My Old Enemy Returns
Back in February 2012, I had one of those “life defining” moments. After sitting with a faithful friend and having an honest talk about my drinking, I came to the realization that I had a problem. A big problem. A problem that had lasted for almost 20 years, and yet that I had somehow been almost completely self-deceived about. I wrote more about it here.
The decision was hard, but total abstinence from alcohol was the only option that I had in front of me. My life was crumbling all around me. My marriage was in shambles, I had to step down from any leadership roles at our church, we were in some very deep financial trouble, and there was literally nowhere to turn. So, I turned to God. It wasn’t the first time. It certainly has not been the last.
I prayed for the strength to do what needed to be done. And God answered. No surprise. We embarked on a journey of sobriety, and God was faithful. My wife was by my side, every step of the way. Our family, church, friends–everyone–rallied around us to help and support. And by God’s grace, I set the bottle down.
Healing came. Slowly. But steadily. My wife and I began to handle things together and talk things through. We worked together. We often went to sleep at the same time. We began to unpack a lot of the damage and baggage that had built up over the course of my drinking days. And, over time, we settled into the idea of not having alcohol in the house. We got used to alcohol not playing a central part in my life. It was hard, but we adjusted to our “new normal”.
I had, after 2 years, earned back the trust of my family and friends. And my wife. Things were good, and getting better all the time. But we soon found out that we were ill equipped to understand and to properly deal with true alcoholism.
In 2012 I was “pretty sure” that I was an alcoholic. I had gone through a lot of introspection and had done a lot of soul-searching. I knew I had a “problem”, and I would have admitted to being an alcoholic, but if I’m honest I didn’t really understand what that meant. I just knew I drank too much–more than most. A lot more. Than everyone. But still–an alcoholic? Me?
And so, around 2014 (not really sure when), I started drinking again. My wife and I had talked, and after months of conversation about “controlled drinking”, “drinking in moderation”, etc. we decided to give it a try. We set boundaries. We laid out rules. I set up an accountability structure. I gave her the ability to speak into my life if she felt like things were getting out of control. And it worked! For about 2 seconds.
What I didn’t understand, and what most alcoholics know all too well, is that there is no “starting over”. There is no such thing as “just having 1 or 2”. It would have been a great idea–if I had not been a full blown alcoholic whose disease and addiction was just sitting and waiting for the opportunity to take hold again.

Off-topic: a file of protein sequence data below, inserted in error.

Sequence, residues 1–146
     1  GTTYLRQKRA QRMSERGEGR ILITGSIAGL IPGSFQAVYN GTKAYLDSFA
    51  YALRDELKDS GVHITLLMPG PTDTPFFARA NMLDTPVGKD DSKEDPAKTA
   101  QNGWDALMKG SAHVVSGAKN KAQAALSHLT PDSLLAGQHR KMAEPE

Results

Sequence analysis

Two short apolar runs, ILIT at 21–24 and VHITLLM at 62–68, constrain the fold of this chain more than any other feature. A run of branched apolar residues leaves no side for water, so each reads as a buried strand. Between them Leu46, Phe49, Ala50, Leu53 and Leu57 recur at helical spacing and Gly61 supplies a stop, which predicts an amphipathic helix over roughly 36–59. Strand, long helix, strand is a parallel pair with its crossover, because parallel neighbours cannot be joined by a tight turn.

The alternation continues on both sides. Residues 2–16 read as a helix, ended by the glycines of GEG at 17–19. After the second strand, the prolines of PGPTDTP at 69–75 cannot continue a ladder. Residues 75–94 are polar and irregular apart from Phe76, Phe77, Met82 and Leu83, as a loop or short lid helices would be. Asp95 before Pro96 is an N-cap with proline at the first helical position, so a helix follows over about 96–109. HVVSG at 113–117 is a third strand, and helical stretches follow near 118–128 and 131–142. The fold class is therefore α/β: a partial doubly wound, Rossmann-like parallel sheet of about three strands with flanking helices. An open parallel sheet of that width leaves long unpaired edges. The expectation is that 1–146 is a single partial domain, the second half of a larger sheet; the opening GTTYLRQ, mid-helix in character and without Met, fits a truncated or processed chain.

I didn’t stay at 1 or 2 for long. It wasn’t but a matter of weeks until I was right back at my old game. I found myself lying about how much I was drinking. I was sneaking, deceiving, and doing whatever I could to drink whenever and wherever I could.
My wife and I both realized before long that it was out of control again. I admit that many of our conversations we frustrating. I began getting defensive again. I had somehow convinced myself that it wasn’t as bad this time. That I could do it. But I couldn’t. It got the best of me. Every time.
Around this time I meandered into a local AA meeting. I had been to a few here and there, but never on my own accord. Never for me. I had gone because so-and-so thought I should check it out or because it was part of a court appointed “suggestion”. But not because I thought I needed to be there.
So in I walked. There were men and women of all ages and backgrounds. I don’t remember what they were talking about, but I remember thinking that these were not my people. This isn’t me. Not my thing. When the meeting was over I talked to a few people and then promptly went and got wasted.
But I couldn’t shake it off. There was something about the transparency of these people. There was something about the brokenness. I couldn’t have explained it then, but I was starting to wonder if maybe these were my people. These rooms full of complete strangers confessing their weaknesses and flaws to one another. The stories of lives that were unraveling or that had been ravaged by the affects of alcohol. They sounded a lot like my own story. Their struggles with addiction sounded a lot like my struggles.
I heard about things like “steps” and a “Big Book”. I heard that alcohol is an allergy of the body, a disease of the mind, and a spiritual malady. I started to look at the true nature of alcoholism, and what I was hearing had been my experience for almost 25 years.
And so, once again, I laid aside alcohol. I started to understand that alcoholism is not just a disease. It’s my disease. It’s not just a problem. It’s my problem. I came to realize that there is no such thing as moderate drinking for me. If I’m honest, despite all of my best attempts, there has never been anything moderate about my drinking.
So where do I go from here? I’m not really sure. May 12th, 2017 I picked up my one year chip. With the help of family and friends, and this time with the support of a solid AA home group, I walk a journey of sobriety. It has not been easy–a year of “one day at a time”s. But I would not go back.
I pray that with God’s help, this will be the last time I have to start this journey over. Time and experience have proven that there is no other option for me. I am an alcoholic. I have a long way to go. But, perhaps for the first time, I am getting the tools that I need to deal with alcoholism and addiction. And that fills me with hope.